Five Practices to Help Small Business Operations

Five Practices to Help Small Business Operations

Running a successful business relies on having a solid foundation of operations. So how do you establish a groundwork that keeps the company running smoothly? We’ve rounded up the best tips from experts who share what they felt was most important to building solid small business operations:

1.  Collaborate with each other. While working individually is important, too, working together helps everyone be on the same page at the same time. Setting up a designated time for everyone to meet means that questions can be answered and tasks can be assigned, which helps operations run efficiently.

“Setting proper team expectations and accountability has become one of the most impactful things to my business,” says David Schwartz of EMMDeavor (DBA Qruber) & Wireless Watchdogs. “Twice a month we bring all managers and executives together for a big meeting to discuss each department and their accomplishments and challenges. It is also a time for other departments to give feedback to management. At the end of these meetings, everyone leaves with follow-up tasks.”

2.  Provide necessary text. One of the best ways to minimize errors in the workplace is with documentation. Having written documents makes it easy to refer to when you forget a certain process when things get a little crazy (relying on your memory may backfire).

“If you are able to provide clear and concise documentation for your team, it leaves very little room for things to be miscommunicated,” explains Dave Nevogt of “It also leaves little room for your team to not know what to do or for them to be confused. These are the biggest time wasters in an organization. Documentation makes it easier to onboard new employees and saves your business from being reliant on any one person.”

3.  Keep the future in mind. Think about how businesses operated five years ago. Ten years ago? Fifteen years ago? In just a few years, it can change dramatically, and that’s why it’s important to plan for the future.

“Although it’s important that systems and processes address today’s pain points for your business, it’s much more imperative that they are built to handle changes that could be coming years down the road,” says Brittany Hodak of ZinePak. “You have to look ahead and plan for all plausible changes in your business to ensure the operations you’re building do not become quickly outdated.”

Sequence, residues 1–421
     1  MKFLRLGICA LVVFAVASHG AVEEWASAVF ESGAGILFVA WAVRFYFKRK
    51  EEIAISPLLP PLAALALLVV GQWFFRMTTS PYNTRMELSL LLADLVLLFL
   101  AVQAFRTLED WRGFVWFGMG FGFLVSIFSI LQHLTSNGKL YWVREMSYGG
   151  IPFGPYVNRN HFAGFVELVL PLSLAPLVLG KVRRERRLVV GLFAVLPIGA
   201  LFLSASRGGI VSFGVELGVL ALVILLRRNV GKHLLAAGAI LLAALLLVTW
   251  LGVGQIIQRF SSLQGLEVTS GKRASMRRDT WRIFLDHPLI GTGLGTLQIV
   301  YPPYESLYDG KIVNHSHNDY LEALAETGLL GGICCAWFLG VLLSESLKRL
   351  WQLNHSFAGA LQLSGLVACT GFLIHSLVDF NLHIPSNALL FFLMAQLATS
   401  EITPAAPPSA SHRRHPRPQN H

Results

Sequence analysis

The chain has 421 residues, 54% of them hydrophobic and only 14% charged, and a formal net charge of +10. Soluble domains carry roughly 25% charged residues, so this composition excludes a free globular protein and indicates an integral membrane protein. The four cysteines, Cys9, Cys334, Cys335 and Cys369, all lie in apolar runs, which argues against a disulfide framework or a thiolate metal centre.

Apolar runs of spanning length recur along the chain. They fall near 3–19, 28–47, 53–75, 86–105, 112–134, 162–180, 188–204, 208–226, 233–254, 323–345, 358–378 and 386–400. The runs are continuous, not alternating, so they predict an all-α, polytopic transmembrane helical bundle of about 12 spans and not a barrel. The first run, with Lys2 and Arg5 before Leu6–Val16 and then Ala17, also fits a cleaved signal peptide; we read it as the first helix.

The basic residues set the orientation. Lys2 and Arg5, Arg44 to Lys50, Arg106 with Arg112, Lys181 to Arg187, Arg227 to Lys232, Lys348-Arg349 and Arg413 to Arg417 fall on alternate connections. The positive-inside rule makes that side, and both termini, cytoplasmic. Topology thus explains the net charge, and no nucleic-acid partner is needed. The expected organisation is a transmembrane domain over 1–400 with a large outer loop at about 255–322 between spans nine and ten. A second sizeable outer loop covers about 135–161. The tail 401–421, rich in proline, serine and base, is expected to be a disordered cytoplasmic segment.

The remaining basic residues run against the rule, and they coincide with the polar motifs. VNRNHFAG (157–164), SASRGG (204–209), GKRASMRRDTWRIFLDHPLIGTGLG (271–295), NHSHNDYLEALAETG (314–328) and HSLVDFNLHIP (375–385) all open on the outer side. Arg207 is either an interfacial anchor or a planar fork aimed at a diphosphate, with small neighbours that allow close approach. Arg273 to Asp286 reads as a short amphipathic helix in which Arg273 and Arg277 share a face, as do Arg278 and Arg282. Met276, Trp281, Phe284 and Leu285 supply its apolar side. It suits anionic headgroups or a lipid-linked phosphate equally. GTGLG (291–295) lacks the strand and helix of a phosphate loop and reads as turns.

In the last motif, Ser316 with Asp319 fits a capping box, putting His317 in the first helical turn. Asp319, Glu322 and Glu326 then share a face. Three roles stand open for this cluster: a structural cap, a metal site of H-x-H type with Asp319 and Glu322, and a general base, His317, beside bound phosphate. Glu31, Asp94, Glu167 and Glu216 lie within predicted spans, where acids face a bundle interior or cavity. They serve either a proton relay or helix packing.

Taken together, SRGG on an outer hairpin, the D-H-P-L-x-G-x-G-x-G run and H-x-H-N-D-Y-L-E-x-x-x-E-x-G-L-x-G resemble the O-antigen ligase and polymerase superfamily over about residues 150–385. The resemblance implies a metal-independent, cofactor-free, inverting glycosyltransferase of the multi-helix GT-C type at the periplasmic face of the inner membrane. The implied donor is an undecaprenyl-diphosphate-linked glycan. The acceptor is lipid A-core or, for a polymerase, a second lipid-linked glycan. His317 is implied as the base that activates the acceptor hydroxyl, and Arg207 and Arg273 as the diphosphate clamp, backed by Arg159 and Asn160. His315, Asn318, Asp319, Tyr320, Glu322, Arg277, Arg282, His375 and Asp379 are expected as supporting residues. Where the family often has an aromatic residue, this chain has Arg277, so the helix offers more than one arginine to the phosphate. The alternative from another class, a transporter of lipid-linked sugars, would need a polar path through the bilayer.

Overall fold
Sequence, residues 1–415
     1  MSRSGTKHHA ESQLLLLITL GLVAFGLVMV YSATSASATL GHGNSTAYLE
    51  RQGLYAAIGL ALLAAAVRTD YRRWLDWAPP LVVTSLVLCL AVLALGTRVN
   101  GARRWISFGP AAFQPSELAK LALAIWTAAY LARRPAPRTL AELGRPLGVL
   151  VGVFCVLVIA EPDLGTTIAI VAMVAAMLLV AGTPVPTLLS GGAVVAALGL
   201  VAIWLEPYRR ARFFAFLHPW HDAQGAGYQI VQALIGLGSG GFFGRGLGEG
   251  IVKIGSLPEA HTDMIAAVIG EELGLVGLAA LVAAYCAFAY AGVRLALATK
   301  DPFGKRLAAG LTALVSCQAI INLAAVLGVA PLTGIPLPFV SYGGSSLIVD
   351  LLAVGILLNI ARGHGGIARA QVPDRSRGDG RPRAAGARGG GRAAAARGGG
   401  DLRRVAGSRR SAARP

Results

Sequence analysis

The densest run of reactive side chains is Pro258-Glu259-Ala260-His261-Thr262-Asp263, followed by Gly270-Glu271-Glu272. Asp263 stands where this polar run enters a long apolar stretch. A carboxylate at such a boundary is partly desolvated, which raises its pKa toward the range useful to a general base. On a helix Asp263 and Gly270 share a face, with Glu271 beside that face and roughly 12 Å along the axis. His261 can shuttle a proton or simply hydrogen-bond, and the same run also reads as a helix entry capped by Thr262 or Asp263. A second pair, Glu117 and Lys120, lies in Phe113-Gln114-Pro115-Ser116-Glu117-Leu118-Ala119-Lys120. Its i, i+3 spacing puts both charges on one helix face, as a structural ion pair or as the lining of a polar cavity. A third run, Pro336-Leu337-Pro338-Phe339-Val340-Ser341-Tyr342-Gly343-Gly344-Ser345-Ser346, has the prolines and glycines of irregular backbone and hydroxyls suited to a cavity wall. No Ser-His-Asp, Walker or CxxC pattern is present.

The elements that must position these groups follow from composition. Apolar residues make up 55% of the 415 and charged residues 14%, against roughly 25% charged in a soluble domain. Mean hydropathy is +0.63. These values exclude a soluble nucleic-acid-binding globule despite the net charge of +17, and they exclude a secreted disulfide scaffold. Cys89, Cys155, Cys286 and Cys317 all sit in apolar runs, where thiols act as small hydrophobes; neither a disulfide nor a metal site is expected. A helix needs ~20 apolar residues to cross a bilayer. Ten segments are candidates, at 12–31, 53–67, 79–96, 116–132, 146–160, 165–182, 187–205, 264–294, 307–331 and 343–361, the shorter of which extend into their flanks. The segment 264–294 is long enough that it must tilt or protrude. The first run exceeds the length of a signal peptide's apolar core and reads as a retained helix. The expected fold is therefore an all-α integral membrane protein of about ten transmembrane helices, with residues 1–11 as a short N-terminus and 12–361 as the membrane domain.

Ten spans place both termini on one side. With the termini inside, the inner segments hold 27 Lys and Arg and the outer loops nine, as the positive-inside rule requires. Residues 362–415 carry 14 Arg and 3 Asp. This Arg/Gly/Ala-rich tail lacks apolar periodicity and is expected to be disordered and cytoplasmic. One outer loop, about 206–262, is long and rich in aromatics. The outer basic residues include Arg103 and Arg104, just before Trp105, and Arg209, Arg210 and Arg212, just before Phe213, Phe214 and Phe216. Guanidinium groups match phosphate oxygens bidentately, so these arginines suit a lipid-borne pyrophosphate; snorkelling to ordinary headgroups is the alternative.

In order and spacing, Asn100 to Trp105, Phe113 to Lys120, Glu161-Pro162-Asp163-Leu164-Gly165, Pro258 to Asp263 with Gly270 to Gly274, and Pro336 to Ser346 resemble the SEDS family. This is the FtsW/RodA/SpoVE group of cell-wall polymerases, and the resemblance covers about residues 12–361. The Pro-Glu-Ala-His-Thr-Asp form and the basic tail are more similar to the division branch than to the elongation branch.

4.  Ask for advice. Feedback from your staff is essential to making sure the business always stays on the road to success.

“To build a solid set of processes for your business a lot has to align. But the bigger you scale, the more you’ll likely need to delegate,” says Doreen Bloch of Poshly Inc. “So how does a business owner stay efficient when the day to day may be further away from the core operations? It’s important to gather feedback from your team often to make sure you’re addressing inefficiencies and constantly improving as you grow.”

When you have higher-ups who don’t take into account their team’s feedback, they risk failure, adds Travis Steffen of Cyber Superpowers.

“Many CEOs, COOs and executive level staff have various methods that they swear are the best ways of doing things,” he says. “But what many people don’t take into account is that there are other variables at work, such as the dynamics of the company and the people within it. Solid operations come from management who can admit when their systems are failing and are willing to change to improve.”

5.  Get the right people onboard. Knowing your team on a personal level helps you delegate which roles they’ll be best at. So if you’re still in the hiring process, it’s best to hire someone who you feel a strong connection with. If a potential colleague comes in with all the traits you’re looking for (even if it’s not the person who, say, earned the highest GPA), go with your gut.

“No one person is going to be the best at everything. It all comes down to choosing the right person and personality type for each role so that no one is doing tasks that they resent,” says Amanda Aitken of Girl’s Guide Courses with Amanda Aitken. Also, don’t forget to praise their strengths.

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